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Explainer: All You Need to Know About Iran’s Upcoming Elections

February 28, 2024
Pezhman Tahavori
5 min read
Iranian voters will head to the polls on March 1 to elect representatives for the 12th parliament since the 1979 Islamic Revolution
Iranian voters will head to the polls on March 1 to elect representatives for the 12th parliament since the 1979 Islamic Revolution

Iranian voters will head to the polls on March 1 to elect representatives for the 12th parliament since the 1979 Islamic Revolution. 

It will be the first polls since the country was rocked by months of nationwide protests against the Islamic Republic's political system. 

The Woman, Life, Freedom movement protest movement was met with a bloody crackdown that has dampened public enthusiasm for the upcoming vote. 

The gulf between the populace and the clerical rulers has widened significantly since 2019, coinciding with the widespread repression of demonstrators and a sharp rise in prices. 

Record-low turnout was recorded in the parliamentary and presidential elections that followed the 2019 protest movement. 

Therefore, it is unlikely that turnout will exceed 30-40 percent in the forthcoming vote, despite government officials having forecasted the participation rate to be above 60 percent. 

Achieving such high participation levels seems improbable without electoral fraud, given the following factors:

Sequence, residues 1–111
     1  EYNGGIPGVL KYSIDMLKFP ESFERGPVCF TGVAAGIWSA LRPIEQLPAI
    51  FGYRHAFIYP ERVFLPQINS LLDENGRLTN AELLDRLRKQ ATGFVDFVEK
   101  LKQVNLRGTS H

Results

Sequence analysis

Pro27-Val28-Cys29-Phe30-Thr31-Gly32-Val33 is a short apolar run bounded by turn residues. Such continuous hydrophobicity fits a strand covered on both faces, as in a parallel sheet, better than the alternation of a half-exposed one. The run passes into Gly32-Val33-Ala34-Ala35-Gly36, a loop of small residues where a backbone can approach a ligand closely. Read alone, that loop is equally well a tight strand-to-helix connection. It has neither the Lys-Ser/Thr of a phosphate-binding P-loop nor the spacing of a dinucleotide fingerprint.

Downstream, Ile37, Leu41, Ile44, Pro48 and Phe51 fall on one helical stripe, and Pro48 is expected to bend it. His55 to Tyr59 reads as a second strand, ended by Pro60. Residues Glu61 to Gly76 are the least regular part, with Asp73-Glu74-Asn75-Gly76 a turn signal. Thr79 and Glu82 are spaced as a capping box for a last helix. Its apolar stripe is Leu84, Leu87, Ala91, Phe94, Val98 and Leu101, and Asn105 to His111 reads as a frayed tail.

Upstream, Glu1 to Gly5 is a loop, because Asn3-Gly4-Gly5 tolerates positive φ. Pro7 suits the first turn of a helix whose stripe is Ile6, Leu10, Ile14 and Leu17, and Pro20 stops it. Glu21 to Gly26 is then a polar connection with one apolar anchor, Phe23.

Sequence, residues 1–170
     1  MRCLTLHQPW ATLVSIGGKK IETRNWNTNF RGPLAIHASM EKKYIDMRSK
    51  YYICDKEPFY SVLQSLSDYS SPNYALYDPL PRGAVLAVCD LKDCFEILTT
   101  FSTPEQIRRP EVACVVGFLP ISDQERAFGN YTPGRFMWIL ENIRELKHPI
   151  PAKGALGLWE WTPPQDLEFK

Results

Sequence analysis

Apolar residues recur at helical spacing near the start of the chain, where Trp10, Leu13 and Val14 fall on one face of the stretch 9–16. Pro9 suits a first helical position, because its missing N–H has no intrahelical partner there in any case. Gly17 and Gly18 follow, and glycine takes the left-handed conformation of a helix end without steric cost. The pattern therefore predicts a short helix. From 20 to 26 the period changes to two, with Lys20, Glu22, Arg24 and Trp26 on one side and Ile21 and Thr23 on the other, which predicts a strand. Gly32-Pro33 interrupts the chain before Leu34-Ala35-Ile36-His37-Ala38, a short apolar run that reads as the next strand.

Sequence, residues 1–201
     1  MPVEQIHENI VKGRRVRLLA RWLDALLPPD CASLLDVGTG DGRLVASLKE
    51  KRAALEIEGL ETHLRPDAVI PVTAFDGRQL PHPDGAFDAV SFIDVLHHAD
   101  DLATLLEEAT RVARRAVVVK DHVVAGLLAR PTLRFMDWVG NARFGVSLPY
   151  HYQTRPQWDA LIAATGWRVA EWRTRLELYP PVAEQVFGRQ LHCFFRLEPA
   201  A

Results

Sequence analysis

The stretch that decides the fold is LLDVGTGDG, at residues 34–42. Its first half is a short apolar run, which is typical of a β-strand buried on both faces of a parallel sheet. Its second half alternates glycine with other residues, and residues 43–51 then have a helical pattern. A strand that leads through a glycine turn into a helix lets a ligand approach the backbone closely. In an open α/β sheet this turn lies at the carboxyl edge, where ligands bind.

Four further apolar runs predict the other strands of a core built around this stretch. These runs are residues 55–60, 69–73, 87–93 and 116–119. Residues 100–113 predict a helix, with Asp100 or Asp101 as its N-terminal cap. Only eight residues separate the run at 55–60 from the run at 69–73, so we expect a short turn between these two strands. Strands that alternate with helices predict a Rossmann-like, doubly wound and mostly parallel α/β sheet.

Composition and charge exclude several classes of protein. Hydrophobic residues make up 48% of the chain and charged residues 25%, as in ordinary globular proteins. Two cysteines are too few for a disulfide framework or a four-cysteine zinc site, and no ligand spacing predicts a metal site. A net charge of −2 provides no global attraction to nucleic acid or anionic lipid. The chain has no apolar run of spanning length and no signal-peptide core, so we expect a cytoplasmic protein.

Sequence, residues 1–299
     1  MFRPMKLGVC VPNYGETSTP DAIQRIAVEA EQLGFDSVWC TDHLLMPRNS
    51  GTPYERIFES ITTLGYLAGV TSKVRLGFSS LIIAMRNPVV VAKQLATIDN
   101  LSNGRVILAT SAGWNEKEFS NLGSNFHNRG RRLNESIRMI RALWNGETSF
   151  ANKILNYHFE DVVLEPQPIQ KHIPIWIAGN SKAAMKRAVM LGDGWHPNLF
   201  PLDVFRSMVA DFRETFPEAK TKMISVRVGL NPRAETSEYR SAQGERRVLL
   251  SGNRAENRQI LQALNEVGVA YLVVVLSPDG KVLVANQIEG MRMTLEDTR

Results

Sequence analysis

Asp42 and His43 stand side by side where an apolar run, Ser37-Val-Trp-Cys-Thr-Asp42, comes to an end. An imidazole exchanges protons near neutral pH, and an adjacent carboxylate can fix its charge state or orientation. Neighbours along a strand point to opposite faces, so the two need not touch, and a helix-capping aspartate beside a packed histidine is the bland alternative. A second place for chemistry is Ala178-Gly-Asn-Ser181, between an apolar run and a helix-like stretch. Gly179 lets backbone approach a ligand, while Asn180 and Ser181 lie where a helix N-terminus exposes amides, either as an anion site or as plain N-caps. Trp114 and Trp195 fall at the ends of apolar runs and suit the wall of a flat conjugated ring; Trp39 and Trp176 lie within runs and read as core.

Candidates critical of the government have been systematically barred from running, resulting in the absence of most reformist political parties in the elections.

Qualified candidates predominantly align with a single political faction deemed loyal to the government, but only a minority of Iranians back this faction.

Iran lacks an independent election commission or monitoring body. Elections are overseen by government representatives in the Ministry of Interior and are supervised by the Guardian Council. 

This body comprises six clerics appointed by the supreme leader of the Islamic Republic and six jurists approved by MPs from a list provided by the judiciary’s chief, who himself is an appointee of the supreme leader.

In the absence of international election monitoring, it is impossible to verify the accuracy of the statistics provided by the government and the Guardian Council. 

Candidate Vetting Process

According to the election law, individuals can run for parliament if they meet the following criteria:

Iranian citizenship.

Aged between 30 and 75 years.

Demonstrated practical commitment to Islam, jurisprudence and the constitution.

Loyalty to the Islamic Republic.

Possession of a master's degree or equivalent.

Minimum of five years of experience in government and public institutions, or in educational and research centers.

Lack of any criminal record or judicial convictions; good reputation within the constituency.

The election law does not provide specific examples or definitions for terms such as "practical commitment to Islam, jurisprudence and the constitution," "loyalty to the Islamic Republic," or "having a good reputation." 

Constitutionally, election oversight falls under the authority of the Guardian Council.

Under the election law, the council holds the authority for "discretionary supervision" and "verification of candidate qualifications,” meaning that it possesses the discretion to approve or disqualify would-be candidates at will, without any form of accountability. 

In the past, the Guardian Council rejected the eligibility of candidates for the posts of president, parliament speaker and MPs. 

As a result, the majority of citizens are deprived of the right to candidacy, with only a minority of individuals loyal to the leader of the Islamic Republic retaining this privilege.